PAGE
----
Much criticism later, the HLC submitted its report four months later but in between the government had started the process of dilution of laws or at times dismantling of norms that formed the basis of protecting the environment and always formed the core of clearances given for any kind of project. In fact, the activists and environmentalists had already started calling it as a “fast forwarding” ministry when it came to clearances for projects.

Suggestions by the HLC not just drew criticism but got “concerned” people worried. For instance, the Committee recommended that no field verification, with respect to forests, will be needed till stage I approval and also dispensed the mandatory approval of the gram sabha for diversion of forest land for linear projects that were for the community. The HLC also suggested that ‘forests’ will only be those areas that are notified by the government as ‘forest’, which effectively meant that any private plantation or gram sabha land which was not notified but has green cover will not be considered as forest.

Experts have already warned that people’s resistance to large industrial projects or mines owing to issues mainly related to land, forest and water will only increase and India will witness more conflicts, this time brought in due to government relaxing the norms. “In India, loss of forest cover is not just an environmental issue but an issue concerning livelihood and food security of the communities dependent on the forest,” says Ranjan Panda, an environmental activist and convenor of Water Initiatives, Odisha.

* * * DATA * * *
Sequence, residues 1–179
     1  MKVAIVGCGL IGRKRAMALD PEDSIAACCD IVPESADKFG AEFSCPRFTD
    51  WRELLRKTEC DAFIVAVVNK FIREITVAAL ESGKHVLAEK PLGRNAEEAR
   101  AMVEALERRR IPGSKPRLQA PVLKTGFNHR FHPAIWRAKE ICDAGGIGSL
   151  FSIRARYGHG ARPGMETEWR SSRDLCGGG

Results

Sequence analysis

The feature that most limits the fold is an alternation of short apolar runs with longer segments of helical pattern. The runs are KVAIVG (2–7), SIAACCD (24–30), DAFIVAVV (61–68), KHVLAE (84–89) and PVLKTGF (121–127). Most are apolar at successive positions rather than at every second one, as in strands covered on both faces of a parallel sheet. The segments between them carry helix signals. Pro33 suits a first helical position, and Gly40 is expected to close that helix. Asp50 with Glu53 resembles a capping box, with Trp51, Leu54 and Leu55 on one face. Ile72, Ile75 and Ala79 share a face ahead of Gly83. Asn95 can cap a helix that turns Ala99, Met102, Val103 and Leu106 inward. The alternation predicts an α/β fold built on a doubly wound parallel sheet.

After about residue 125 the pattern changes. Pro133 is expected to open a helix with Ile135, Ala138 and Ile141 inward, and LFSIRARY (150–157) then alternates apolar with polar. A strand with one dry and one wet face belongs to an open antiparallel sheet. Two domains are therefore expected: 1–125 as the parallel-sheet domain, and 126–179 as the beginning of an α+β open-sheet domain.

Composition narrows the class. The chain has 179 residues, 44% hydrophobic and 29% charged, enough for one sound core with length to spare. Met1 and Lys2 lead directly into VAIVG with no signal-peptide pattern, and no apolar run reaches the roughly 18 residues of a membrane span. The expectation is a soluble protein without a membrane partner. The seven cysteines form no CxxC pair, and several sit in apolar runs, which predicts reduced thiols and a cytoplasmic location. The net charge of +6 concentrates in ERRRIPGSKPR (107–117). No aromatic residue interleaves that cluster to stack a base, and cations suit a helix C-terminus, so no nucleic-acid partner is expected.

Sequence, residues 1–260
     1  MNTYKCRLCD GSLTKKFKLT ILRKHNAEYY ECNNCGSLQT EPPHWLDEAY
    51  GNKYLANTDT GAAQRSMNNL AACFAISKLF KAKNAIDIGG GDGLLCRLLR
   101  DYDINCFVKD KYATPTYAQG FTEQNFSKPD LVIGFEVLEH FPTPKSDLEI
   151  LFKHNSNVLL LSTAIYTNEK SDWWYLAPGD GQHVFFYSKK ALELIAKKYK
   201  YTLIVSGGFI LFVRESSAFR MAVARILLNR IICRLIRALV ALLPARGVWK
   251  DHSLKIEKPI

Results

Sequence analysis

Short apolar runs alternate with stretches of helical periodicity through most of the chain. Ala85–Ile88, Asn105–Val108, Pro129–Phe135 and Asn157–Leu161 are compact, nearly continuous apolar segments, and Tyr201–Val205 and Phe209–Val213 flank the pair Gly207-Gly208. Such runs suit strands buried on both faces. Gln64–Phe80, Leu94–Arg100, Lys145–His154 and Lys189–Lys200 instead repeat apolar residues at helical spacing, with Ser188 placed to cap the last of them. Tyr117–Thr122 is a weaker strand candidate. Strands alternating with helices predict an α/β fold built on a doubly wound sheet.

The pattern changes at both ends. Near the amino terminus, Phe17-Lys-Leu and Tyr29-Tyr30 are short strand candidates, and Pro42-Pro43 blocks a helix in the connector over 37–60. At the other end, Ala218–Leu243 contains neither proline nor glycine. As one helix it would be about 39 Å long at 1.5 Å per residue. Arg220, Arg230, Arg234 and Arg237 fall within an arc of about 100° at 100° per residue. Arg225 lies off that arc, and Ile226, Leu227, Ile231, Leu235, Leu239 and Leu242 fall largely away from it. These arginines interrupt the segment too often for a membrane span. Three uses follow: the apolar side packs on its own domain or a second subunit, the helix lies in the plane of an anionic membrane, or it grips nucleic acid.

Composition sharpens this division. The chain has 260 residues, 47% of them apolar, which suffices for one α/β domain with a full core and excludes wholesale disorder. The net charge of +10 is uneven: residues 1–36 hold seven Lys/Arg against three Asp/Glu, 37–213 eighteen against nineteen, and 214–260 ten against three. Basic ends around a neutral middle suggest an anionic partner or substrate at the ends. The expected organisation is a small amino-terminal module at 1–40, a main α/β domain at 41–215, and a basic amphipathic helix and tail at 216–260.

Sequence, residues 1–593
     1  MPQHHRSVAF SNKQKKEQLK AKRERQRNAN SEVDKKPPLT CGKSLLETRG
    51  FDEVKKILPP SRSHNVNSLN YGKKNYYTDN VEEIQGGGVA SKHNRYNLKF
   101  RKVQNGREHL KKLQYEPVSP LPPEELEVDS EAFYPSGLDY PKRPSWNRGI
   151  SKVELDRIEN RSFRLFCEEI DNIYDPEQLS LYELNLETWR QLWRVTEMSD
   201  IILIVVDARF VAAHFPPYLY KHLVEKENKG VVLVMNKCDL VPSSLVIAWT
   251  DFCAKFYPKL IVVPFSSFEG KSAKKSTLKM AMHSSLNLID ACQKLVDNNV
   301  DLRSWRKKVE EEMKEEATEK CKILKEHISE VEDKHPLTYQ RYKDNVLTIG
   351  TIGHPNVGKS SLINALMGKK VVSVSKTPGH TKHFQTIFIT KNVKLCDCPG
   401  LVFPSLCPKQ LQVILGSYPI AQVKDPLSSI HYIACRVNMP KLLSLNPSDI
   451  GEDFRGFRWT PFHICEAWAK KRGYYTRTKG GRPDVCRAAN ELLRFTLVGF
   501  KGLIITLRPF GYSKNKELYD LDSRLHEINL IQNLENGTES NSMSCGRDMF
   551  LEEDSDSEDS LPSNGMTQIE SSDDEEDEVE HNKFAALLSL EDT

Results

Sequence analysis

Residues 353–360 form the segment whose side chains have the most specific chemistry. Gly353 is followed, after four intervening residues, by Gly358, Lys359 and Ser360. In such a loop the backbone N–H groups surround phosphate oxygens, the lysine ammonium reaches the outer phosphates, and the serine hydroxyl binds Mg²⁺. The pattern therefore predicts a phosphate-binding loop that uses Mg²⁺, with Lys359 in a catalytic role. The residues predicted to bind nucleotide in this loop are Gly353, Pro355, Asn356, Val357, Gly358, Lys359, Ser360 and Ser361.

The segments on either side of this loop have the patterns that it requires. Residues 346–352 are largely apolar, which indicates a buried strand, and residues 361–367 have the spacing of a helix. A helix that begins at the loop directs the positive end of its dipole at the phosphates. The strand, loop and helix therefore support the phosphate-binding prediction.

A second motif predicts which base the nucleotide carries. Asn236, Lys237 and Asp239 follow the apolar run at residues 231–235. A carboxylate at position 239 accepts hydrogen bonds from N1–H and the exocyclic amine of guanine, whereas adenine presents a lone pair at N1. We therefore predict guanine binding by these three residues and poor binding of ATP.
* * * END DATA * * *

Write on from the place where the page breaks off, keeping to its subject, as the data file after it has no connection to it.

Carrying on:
But one of the worst recommendations of the HLC was setting up of an administrative tribunal instead of a judicial National Green Tribunal (NGT) to review the clearances on appeal. Set up after Law Commission recommendation, the NGT today is acting as a real check on the haphazard policies and decisions of the various governments, central and states. In a country driven to work only after lashing by the Supreme Court, the NGT has, in its short life, proved to be a perfect foil for the government’s sinister plan to harm, if not destroy, the very environment it is supposed to protect.

Some good things too:

Of course, the government did some good things too.

The government is promoting solar energy and other renewable energy options in a big way. If whatever is promised – 100 GW solar power capacity by 2022 – this will help resolving a number of related issues, including poverty alleviation.

In April first week, a National Air Quality Index (AQI) was launched to provide real time air quality data in simple form. The AQI service is initially available for 10 major cities and will be later expanded to 60 cities.

Although it appears to have lost steam after the initial euphoria, but the Swachch Bharat Abhiyaan launched in 2014 is hoped to bring in at least awareness, if not total cleanliness, in general public.

And last but not the least, the government’s renewed focus on total sanitation vis-à-vis toilet constructions, though fraught with innumerable hurdles, is a laudable effort.